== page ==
Ms. Kidan’s statement about Eritrean society, one with a long history of civil society groups, exposes her lack of knowledge about the function of “civil society”, and ignorance about their instrumental role in Eritrea,in varying sectors, especially with education and healthcare.The Guardian should endeavor to provide context for its reporting on Eritrea and stop relying on hearsay and from using dubious individuals and groups for sources.

In Eritrea, a strong partnership exists between government and civil society organizations. This dynamic and promising relationship is deep rooted and the relationship has its foundations in the period of the armed struggle for liberation where civil society, contrary to what Ms. Kidan stated, civil society rallied alongside the liberation front and played a crucial role in the successful struggle for independence. Civil society in Eritrea is a result of colonial, liberation and post-liberation social conditions. A focused, nation-centered civil society, which goes beyond divisive politically motivated sub-national interest and one that does not undermine Eritrea’s sovereignty and territorial integrity, one that responds to nation building remains vital.There are several civil society groups in Eritrea with varying mandates. Suffice it to mention a few:

• National Confederation of Eritrean Workers
• National Union of Eritrean Women
• National Union of Eritrean Youth and Students
• Peace-building Center for the Horn of Africa
• Eritrean American and Canadian Returnees
• Eritreo-German Cultural Center
• African Strategies
• Red Sea Institute
• Biddho
• Etc. etc.

In addition, there are many Diaspora civil society organizations that have close links with those in country. For example, the National Union of Eritrean Women with over 300000 members has chapters across Europe in England, Italy, Germany, France, Netherlands, Norway, Sweden and Switzerland, and over 36 Chapters across the United States and Canada. The conventional and Eurocentric notion of civil society does not provide adequate understanding of the reality in Eritrea.
The Guardian also chose to regurgitate Amnesty International’s distorted narrative on Eritrea. The researcher, an Ethiopian, with an obvious bias against Eritrea, completely misrepresents the National Service program in Eritrea and the Warsay-Yikaalo School in Sawa. Contrary to the narrative presented, 2003 was the first year in which the Eritrean Educational Transformation began. 12th grade education at Sawa began in the 2003/2004 academic year when the Eritrean school system transformed from 11 years into 12 years of schooling and schools were obliged to accommodate one more grade. This was very difficult due to lack of additional classes and overcrowding.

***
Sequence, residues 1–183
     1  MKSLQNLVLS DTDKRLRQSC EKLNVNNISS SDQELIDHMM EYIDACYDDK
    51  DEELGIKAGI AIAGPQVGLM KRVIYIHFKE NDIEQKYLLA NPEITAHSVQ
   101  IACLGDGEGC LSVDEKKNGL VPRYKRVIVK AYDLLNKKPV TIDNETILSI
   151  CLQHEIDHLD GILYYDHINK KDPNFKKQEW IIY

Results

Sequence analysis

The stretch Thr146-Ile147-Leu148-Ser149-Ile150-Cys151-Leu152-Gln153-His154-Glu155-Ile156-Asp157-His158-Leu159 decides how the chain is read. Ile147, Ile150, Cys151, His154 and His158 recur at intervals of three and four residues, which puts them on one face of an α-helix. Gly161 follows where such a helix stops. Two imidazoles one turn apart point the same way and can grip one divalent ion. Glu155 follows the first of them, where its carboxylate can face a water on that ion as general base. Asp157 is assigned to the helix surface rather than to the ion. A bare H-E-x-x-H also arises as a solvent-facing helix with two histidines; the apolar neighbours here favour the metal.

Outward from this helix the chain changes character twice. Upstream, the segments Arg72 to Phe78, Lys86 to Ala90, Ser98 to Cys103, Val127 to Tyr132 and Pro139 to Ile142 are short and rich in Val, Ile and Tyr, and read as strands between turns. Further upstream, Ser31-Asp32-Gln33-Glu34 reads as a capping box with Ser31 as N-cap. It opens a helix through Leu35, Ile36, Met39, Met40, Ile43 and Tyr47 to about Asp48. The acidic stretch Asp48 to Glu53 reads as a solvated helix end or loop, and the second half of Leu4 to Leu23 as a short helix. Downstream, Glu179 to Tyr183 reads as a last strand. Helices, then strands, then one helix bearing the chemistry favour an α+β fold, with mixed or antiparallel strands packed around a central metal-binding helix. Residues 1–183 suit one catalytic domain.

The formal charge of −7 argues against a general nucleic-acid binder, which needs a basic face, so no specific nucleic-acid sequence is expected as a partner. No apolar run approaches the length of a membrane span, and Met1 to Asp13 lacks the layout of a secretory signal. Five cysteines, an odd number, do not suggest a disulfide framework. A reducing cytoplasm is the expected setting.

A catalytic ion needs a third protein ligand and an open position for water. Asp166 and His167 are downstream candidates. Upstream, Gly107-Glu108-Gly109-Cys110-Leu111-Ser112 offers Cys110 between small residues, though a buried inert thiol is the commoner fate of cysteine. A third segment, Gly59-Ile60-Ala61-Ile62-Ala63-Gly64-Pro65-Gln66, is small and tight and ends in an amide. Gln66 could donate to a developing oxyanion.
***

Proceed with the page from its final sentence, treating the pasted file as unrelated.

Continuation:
Sawa enrolled those students who completed Grade 11 and it offered Grade 12 courses to qualify them for Secondary School completion. During that time the Eritrean Defense Forces Training Centre moved from Sawa to another place, which meant a considerably large amount of resources and facilities were left in Sawa. Accordingly, the Ministry of Education decided to use these facilities and solve the problem of space and resource limitations in the regular secondary schools by moving 12th Graders to Sawa. In addition it was more efficient to use the very limited human and material resources in one place for all 12th Graders than trying to scatter them into 80 secondary schools which were impossible at that time. Therefore, the decision to send 12th Graders to Sawa was taken to maximize the utilization of badly needed resources.The outcomes of the program, however, went beyond maximum utilization of resources. Some of the opportunities it created include:

• Equal learning environment for all learners who came from all corners of the country (rural, urban, remote areas, poorly resourced schools, elite schools)
• Sharing of experience
• A sense of self-confidence and independence on the part of the learners
• The development of many intended positive values and social skills such as: cooperation, tolerance, hardworking, respect of others, dealing with others, understanding of different cultures and languages of Eritrea
• The development of the sense of competition and the appreciation of excellence, etc.and the marked improvement in the achievements of students can be attributed to these positive outcomes.

Sawa became the melting pot of all the different nationality and helped to strengthen the feeling and spirit of national unity. By referring to this educational and socializing of Eritrea’s youth as being “militarized”, the Guardian and its sources is an insult the cultured people of Eritrea, and white washing of militarization. The people of Eritrea have borne the brunt of militarization by successive Ethiopian regimes and their western sponsors and the decaying equipment strewn across their nation is a reminder of its brutality and destruction.

The Guardian should endeavor to provide accurate and balanced reports in the future and refrain from such distorted reports that misrepresent Eritrea’s reality, as they are of great disservice to its readers.

Yared Tesfay
Head of Media & Communication Affairs
Embassy of the State of Eritrea to UK & Ireland
London United Kingdom